Dr. Hilde L. Mosse explains some other types of confusions that are important to avoid. Avoiding these confusions is especially important for dyslexic students:
Some textbooks such as Teaching Reading with Words in Color and some self-teaching devices use different colors for different letters or indicate the different letter sounds with different colors, so that each letter contains two signals: its form and its color (Gattegno, 1968). This confuses children to such an extent that either no conditioning takes place at all or the child becomes conditioned to only one of the stimuli, the form or the color. Pavlov has demonstrated this phenomenon in many experiments. The vast majority of children will become conditioned to the color only, because color excites children more than form. These children then read all red letters, for example, as "S," if "S" was shown read. I have observed such errors in conditioning and witnessed children struggling to disentangle form from color.
Pictures are another form of interference that renders impossible the formation of these basic reflexes. The child must see the signal clearly for what is is: a form and not a picture. Where he is shown "flash cards" with a picture above a word--that is, a word and a picture shown at the same time, the necessary conditioning the child needs for reading cannot take place at all. This is the main reason the word/picture method of teaching reading to beginners is so devastating, and why comic books that train the child to picture gazing and to relying on pictures to tell stories are so damaging for reading (Mosse, 1962b).
The sounds of letters and of letter combinations should be pronounced clearly and should always should always sound the same. Noises interfere with the formation of this part of the conditioned reflex. Conditioning should ideally be done in a quiet room without yelling. This is very difficult to achieve in a crowded classroom. Teachers and parents, however, should be made aware of the fact that conditioning cannot be accomplished while the television set is going, and the radio and/or the record player are blaring.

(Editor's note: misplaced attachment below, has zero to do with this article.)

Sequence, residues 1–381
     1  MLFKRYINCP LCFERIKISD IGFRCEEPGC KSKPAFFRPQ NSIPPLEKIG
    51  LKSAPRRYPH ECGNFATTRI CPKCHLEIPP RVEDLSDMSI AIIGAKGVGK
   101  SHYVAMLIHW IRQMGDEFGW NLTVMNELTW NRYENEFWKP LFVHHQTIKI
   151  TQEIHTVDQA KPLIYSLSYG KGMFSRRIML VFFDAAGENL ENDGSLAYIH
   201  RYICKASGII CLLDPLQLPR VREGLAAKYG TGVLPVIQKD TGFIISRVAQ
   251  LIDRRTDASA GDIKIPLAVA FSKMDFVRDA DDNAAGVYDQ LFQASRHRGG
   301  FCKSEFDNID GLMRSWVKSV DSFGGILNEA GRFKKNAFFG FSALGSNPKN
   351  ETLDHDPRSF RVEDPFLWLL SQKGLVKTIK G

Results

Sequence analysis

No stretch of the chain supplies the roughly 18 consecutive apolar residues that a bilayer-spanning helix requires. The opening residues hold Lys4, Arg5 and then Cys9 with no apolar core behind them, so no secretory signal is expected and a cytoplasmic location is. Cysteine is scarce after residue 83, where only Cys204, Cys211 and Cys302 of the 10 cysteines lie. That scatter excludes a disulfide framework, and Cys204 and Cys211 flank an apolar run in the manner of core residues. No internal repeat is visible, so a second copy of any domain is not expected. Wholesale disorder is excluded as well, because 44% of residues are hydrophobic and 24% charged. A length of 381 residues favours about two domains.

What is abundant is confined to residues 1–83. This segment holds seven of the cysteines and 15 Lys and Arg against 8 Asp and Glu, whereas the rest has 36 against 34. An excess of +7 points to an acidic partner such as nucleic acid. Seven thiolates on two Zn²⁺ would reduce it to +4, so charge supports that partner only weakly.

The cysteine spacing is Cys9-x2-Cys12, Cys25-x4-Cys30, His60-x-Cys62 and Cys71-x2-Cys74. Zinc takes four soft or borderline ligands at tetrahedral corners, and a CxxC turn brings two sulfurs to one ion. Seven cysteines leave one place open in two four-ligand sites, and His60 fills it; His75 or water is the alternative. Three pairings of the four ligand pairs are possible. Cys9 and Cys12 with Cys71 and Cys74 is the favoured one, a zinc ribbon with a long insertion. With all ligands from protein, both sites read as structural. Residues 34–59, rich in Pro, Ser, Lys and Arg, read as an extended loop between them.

Training the brain to read the right way from the start
40L volunteers have seen the damage done through the teaching of sight words and the time it takes to undo the guessing habits that sight words produce. It is best to train the brain right the first time, and start your child off right--teach phonics with no sight words. Dr. Hilde L. Mosse has also found this from her research:
To show a child a group of letters and to tell him that this means "house"--as is done in those kindergartens and first grades where children are introduced to reading with so-called "sight words"--confuses them, interferes with the formation of conditioned reflexes, and teaches them a lie. The letter sequence h o u s e stands for the word "house" and not for the house they see; pictures do that, but not letters.
To achieve conditioning with the greatest possible speed and accuracy the child must know exactly, step by step, what he has to learn. He must be told, for instance, that the letter "S" stands for the sound "S" and nothing else, and that he must learn to say "S" when he sees "S." Whether single letters or a fixed combination of letters forming one single sound are taught, the conditioning process is the same. The child must be helped to form an automatic association between the seen letters and the spoken letters. The formation of such an association is the key to reading (Schmitt, 1966.)
The formation of such a conditioned reflex requires that the child experience the visual and the spoken letter together repeatedly, without interference by any other stimulus, and always in the same sequence, namely by looking at the letter briefly before saying it. The teacher should make certain that the child is looking at the letter while the teacher sounds it and the child repeats it, or later on when the child reads it on his own. The teacher's pronunciation must act as the child's feedback correction until his own feedback system is working. That is why it is so important to let the child read aloud at first and to correct his pronunciation right away. It takes time for a conditioned reflex to be established, and it can not possibly function until the child has developed reliable visual and acoustic images and formed a close connection between them. Silent reading cannot achieve this. 
Teaching your student to write as neatly as possible for their age helps them remember each letter's shape and learn it in a physical way instead of just the visual learning of reading. This also helps reinforce the shape and sound of each letter in the brain as they actively write the letters. Dr. Mosse also advocates writing as part of phonics training: